8 Figure 1 Displaying drive properties Repeat this process for all disks on the computer. Even if the file system was configured as FAT32 when the operating system was installed, it can be easily converted to NTFS to provide additional security. To convert the file system to NTFS, take note of the name of the disk otherwise known as the volume label (C Drive in the preceding example) and complete the following steps. To convert the file system to NTFS 1. On the Start menu, click Run, type cmd, and then click OK. 2. At the command prompt, type the following, where drive letter is the drive you want to convert: Convert drive letter: /fs:ntfs 3. You will be prompted to enter the current volume label for the drive. Type the volume label that was identified earlier. Press ENTER. 4. When the conversion is complete, exit the command prompt by typing EXIT. Note: If you are attempting to convert the drive where the operating system is installed, you may be prompted to schedule the conversion to occur the next time the system is restarted. If this occurs, type Y and reboot the computer. Using Windows Firewall An Internet firewall can help prevent outsiders from accessing your computer through the Internet. Firewalls come in two forms, software and hardware, and they provide a protective boundary that helps screen out unwanted Internet invaders. A firewall can screen for malicious Internet traffic such as human attackers, worms, and certain types of viruses before they can cause problems on your system. In addition, some firewalls can help keep your computer from participating in attacks on others without your knowledge. A firewall is especially important if you are always connected to 6
9 the Internet, such as when you have a broadband cable or digital subscriber line (DSL or ADSL) connection. The Microsoft Windows Firewall (formerly called Internet Connection Firewall or ICF) is a feature included in SP2 to help protect your system or network connection to the Internet. Windows Firewall is on in most configurations and should be left on. To enable or verify the Windows Firewall settings, you can use the following steps. To enable Windows Firewall 1. On the Start menu, click Control Panel. 2. In the Control Panel, double-click Windows Firewall. 3. Select On (recommended). Figure 2 Turning on Windows Firewall 4. Click OK. These changes will take effect immediately and protect your network connection against many types of attacks. Windows Firewall is very powerful and it is highly recommended that you enable it. However, to protect the primary Internet connection of an organization, Windows Firewall is not a replacement for a true dedicated firewall. For more information 7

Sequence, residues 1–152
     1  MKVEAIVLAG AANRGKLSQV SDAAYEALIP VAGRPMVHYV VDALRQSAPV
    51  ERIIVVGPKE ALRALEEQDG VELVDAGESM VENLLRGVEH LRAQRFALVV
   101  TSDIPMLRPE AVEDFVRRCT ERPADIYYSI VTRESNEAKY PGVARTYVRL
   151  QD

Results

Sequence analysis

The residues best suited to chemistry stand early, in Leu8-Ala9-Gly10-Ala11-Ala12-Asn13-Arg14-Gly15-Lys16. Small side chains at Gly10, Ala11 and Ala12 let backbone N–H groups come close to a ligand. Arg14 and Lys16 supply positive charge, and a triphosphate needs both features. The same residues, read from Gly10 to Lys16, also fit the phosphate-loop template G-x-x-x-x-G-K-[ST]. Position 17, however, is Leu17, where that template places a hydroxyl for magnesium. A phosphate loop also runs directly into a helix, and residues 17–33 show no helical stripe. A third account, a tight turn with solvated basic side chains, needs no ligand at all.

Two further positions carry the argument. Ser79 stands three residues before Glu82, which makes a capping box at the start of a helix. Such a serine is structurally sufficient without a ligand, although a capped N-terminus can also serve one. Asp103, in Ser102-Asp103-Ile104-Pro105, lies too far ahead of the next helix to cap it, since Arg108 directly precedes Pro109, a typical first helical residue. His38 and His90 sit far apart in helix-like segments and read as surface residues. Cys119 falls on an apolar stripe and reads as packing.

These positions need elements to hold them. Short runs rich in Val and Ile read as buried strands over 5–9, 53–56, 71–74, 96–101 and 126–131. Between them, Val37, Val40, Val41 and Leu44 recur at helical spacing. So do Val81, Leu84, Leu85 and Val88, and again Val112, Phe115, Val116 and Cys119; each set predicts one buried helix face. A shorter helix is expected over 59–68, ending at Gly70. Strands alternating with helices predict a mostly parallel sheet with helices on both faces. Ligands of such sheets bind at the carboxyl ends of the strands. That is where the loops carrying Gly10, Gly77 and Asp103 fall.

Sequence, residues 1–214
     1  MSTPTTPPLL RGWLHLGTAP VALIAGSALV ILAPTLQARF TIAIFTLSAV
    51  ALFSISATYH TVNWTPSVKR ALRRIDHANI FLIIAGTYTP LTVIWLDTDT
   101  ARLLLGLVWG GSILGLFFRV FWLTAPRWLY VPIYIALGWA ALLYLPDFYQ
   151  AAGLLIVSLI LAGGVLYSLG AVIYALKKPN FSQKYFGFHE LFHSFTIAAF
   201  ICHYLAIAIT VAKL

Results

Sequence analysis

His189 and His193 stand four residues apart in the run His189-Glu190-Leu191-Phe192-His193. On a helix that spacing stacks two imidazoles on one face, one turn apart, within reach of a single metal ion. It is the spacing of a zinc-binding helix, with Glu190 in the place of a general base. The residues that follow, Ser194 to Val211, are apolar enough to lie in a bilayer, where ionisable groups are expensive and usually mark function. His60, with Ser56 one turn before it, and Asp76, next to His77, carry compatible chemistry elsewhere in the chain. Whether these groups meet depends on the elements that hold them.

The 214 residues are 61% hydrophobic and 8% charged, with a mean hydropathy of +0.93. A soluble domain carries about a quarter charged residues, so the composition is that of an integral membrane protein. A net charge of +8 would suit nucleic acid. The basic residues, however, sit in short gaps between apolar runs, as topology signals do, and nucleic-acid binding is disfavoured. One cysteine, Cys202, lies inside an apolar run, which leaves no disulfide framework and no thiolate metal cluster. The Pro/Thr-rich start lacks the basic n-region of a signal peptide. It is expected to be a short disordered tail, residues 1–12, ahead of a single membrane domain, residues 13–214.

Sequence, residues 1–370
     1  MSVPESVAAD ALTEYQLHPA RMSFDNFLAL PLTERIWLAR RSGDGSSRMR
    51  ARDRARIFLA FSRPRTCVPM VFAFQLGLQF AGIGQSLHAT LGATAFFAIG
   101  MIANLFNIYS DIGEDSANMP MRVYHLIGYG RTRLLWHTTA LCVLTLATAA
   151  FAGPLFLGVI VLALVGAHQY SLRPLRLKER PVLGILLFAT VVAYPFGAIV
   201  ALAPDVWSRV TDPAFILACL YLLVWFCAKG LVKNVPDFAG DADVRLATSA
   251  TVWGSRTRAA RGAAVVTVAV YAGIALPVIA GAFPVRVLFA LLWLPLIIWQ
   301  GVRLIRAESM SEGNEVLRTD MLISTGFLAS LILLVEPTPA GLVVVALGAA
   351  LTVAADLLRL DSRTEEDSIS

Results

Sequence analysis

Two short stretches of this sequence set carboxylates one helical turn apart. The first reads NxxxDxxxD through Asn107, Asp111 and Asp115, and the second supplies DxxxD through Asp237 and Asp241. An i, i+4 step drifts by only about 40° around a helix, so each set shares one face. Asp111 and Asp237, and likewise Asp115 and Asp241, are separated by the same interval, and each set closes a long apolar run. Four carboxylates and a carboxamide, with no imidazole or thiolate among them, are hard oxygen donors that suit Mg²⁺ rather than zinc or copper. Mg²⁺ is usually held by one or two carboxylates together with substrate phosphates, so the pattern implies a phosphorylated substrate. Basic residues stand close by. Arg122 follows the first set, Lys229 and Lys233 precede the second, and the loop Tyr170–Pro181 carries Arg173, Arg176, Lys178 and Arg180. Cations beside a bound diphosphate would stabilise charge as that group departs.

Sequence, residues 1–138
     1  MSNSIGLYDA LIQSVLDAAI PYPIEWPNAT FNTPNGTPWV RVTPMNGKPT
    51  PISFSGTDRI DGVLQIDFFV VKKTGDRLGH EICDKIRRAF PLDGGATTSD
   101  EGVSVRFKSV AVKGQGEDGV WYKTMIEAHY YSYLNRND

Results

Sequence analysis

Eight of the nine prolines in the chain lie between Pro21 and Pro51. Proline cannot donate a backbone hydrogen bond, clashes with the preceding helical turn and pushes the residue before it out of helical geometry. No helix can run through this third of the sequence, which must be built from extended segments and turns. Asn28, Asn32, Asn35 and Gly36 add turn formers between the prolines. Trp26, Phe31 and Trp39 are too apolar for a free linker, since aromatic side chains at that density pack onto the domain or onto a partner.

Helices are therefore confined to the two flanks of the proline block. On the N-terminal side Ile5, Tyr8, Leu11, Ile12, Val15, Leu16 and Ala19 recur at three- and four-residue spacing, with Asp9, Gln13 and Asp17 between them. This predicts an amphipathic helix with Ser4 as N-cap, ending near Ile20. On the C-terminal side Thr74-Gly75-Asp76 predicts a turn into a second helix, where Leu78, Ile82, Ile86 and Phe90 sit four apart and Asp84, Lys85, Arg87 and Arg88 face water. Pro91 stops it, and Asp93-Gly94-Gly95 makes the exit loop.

10 on protecting your network with a firewall, see the Internet Security and Acceleration page at Note that after you install SP2, some programs may seem not to work. By default, Windows Firewall is enabled and blocks unsolicited connections to your computer as well as unauthorized applications that open ports for inbound connections. For more information on this type of situation and how to fix it, see Microsoft Knowledge Base article , "Some programs seem to stop working after you install Windows XP Service Pack 2" at Using Antivirus Software An antivirus software program will help protect your computer against most viruses, worms, Trojan horses, and other malicious code. Many new computers come with antivirus software already installed. However, antivirus software requires a subscription to stay up-to-date. If you don't have a current subscription for these updates, your computer is probably vulnerable to new threats. Computer viruses are programs that are designed to replicate themselves and spread to as many computers as possible. Viruses and other forms of malicious software have been around for years. Today's viruses can replicate themselves and use the Internet and applications to spread across the world within hours. Antivirus software continually scans your computer for viruses and helps detect and remove them. It performs these scans based on identifying signatures of known viruses and malicious code. Installing antivirus software only solves part of the problem; keeping the antivirus signature files up-to-date is critical to maintain a secure desktop or laptop computer. User education regarding safe practices is another critical step in preventing virus attacks. Users should not open messages or take action on an attachment unless they are expecting the file and it is sent from a trusted source. All attachments should be scanned with antivirus software prior to its execution. Most antivirus software programs perform this type of scan automatically, but users should be made aware of this necessity. For a list of the software vendors who provide antivirus software that is compatible with Windows XP, see Microsoft Knowledge Base article 49500, "List of Antivirus Software Vendors" at For more information about complete antivirus solutions and strategies, see the Antivirus Defense-in-Depth Guide at Keeping Up-to-Date with Security Patches Your Windows XP operating system includes the Automatic Updates feature, which can automatically download the latest Microsoft security updates while your computer is on and connected to the Internet. To get the most out of Automatic Updates, run a Windows Update scan on your computer first. 8